Runway: 05/23 - 1100meters/3630feet - concrete
Runway: 10/28 - 1000meters/3300feet - concrete
Runway: 15/33 - 1000meters/3300feet - concrete
Air field Castletown (RAF Castletown) was an airfield in the North of the Highlands in Scotland.
Construction of the airfield began in 1939 when it was realised there were not enough airfields to defend Scapa Flow. The airfield was completed on 28 May 1940 as a satelllite of RAF Wick, staffed by one officer and 10 airmen. It became a full RAF station the next week (on 7 June 1940) under No.13 Group of Fighter Command.
The first station commander was an unorthodox man (Wing Commander David Atcherley) who had a brother commanding RAF Drem, near Edinburgh. The two men embarked on a competition regarding station defense. Brother David won the day, he 'recovered' a 47" deck gun from an abandoned navy sloop and had it mounted on a contrete platform at the west side of the airfield. The mount of 'Big Bertha' is still at the site, adourned with pebbles spelling RAF on one side. Needless to say he also managed to obtain shells for the gun, which he obtained from the Royal Navy depot at Chatham. He also had a member of the Pioneer Corps in charge of firing the gun. The Pioneer, a corporal, had been left behind in exchange for a bacon slicer from the airmen's mess. The Pioneer Company had arrived at RAF Wick by train, without knowing who to report to. David heard about their problem and arranged them to be brought to Castletown. They carried out many odd tasks at the aifield, until it was discovered they should have reported to Hackney Wick (in London).
(Naval authorities eventually reclaimed the gun when Atcherley overstepped the mark by trying to requisition a fresh supply of ammunition from the Admiralty).
By this time the station was little more than a collection of three grass runways, a collection of wooden and nissen huts and aircraft maintenance tents. For this reason civilian buildings were requisitioned in Castletown to serve as HQ, mess and sleeping quarters.
The first squadron to call Castletown 'home' was 504Sqn, flying Hurricane Mk1s. They were sent to Castletown to rest from hard fighting in France and were replaced by 3 Sqn in November 1940. The winter of 1941 was so cold the station used every available transport vehicle to run up and down the runway to keep the snow compacted. This meant the unit could support airdrops at the radarstation at Sango, which was completely snowed in. Not only the snow was a problem, high winds meant that aircraft had to be tied down using large screw pickets.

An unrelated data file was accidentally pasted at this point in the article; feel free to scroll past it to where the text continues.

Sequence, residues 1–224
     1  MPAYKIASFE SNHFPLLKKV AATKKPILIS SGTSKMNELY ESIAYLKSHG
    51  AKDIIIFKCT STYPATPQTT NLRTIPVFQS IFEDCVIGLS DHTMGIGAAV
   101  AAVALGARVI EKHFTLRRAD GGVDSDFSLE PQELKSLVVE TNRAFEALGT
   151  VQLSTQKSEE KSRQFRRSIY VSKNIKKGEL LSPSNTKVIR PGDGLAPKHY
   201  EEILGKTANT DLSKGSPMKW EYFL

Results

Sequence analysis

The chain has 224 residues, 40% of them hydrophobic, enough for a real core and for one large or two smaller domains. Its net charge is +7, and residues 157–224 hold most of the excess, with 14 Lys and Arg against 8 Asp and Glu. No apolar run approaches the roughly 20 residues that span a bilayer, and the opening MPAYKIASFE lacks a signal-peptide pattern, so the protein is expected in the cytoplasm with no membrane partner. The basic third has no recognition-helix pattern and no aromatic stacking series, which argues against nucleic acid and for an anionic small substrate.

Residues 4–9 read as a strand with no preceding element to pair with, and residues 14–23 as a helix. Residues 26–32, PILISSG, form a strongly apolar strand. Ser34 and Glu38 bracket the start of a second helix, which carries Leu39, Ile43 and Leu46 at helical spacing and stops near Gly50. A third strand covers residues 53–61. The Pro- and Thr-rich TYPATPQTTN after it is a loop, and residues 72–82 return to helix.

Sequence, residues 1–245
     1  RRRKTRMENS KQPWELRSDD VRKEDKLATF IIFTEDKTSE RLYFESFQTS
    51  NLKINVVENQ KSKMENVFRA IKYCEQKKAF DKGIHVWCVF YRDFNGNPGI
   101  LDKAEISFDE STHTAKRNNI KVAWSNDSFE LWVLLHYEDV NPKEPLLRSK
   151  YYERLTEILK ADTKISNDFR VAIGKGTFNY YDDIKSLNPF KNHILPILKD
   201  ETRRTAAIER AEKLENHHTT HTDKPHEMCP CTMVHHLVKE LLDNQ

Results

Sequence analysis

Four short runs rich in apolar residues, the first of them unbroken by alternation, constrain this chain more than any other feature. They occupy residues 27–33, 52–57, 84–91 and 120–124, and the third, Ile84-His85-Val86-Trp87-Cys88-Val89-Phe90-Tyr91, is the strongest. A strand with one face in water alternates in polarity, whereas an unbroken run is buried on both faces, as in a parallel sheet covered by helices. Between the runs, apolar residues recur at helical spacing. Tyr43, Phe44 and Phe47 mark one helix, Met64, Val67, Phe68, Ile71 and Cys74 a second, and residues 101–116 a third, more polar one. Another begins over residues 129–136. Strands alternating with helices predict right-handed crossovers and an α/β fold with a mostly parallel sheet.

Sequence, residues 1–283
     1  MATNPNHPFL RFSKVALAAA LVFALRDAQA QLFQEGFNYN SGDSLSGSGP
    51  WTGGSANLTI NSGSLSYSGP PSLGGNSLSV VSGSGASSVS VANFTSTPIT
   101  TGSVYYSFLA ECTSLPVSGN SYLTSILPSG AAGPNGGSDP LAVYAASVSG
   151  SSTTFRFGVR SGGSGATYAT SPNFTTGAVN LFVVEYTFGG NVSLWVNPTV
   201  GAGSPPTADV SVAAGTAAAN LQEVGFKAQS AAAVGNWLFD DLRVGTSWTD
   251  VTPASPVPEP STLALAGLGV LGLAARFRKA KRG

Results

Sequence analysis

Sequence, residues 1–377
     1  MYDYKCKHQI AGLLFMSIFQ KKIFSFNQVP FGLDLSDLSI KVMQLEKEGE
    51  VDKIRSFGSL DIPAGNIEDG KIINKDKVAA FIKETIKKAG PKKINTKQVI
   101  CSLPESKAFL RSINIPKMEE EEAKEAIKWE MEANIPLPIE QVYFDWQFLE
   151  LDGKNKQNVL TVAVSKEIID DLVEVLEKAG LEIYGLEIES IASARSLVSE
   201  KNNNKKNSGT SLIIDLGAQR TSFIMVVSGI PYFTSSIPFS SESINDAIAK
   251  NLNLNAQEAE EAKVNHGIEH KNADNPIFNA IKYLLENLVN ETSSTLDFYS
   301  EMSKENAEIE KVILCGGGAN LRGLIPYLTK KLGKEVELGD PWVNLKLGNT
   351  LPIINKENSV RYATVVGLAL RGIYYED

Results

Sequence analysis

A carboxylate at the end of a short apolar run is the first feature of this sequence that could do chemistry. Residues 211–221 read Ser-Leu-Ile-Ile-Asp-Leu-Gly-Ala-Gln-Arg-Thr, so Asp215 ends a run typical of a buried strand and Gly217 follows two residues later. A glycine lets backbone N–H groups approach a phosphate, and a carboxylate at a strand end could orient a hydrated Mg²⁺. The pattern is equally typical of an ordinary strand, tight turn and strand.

The 4.7in. gun platform at Castletown, with "RAF" neatly picked out in pebbles; a pocket comb illustrates the scale (caithless.org)
In May 1941 No. 124Sqn was formed at the airfield with 18 new Spitfire Mk1s. Their task was to fly the usual coastal and convoy patrols, and to give new pilots flying experience before they were sent south. In the summer of 1942 167 was stationed at the base, flying the usual patrols. The squadrons' Dutch pilots were surprised by a visit of their Prince Bernhard in a Spitfire. Unfortunately he overshot the end of the runway putting his aircraft on his nose, but the Prince escaped unhurt.
The airbase living conditions improved gradually, for instance by the opening of a station cinema in March 1942. Accomodation for the men did not keep up with the numbers however, which became really urgent when the Air Ministry requisitioned two lodgings for WAAFs working at the nearby radar station.
Flying conditions were improved with the construction of three concrete runways in 1942, a hangar and a control tower were built and the station HQ got its own offices at the airfield. Many squadrons followed each other at the airfield until the end of 1943. But eventually fighter squadrons were fewer and stayed for shorter periods and the base became an air-sea-rescue station. For this purpose 282Sqn was formed in 1943, which was replaced by 278Sqn in 1944. In total 23 flying squadrons used the base.
The last aircraft to use the airfield was a Sikorsky R-4 Hoverfly helicopter, on 24 March 1945. On 15 December 1945 the airfield fell to Care and Maintenance status.
No photos of the airfield while in use have been located
Today the airfield has been largely returned to agricultural use. Its three runways and the perimeter track still exist. On the northern end the gas-decontamination center, a small arms range, bomb stores and the parachute packing shed also still exist, albeit in a poor condition.
the former airfield in 2004 (Google Earth)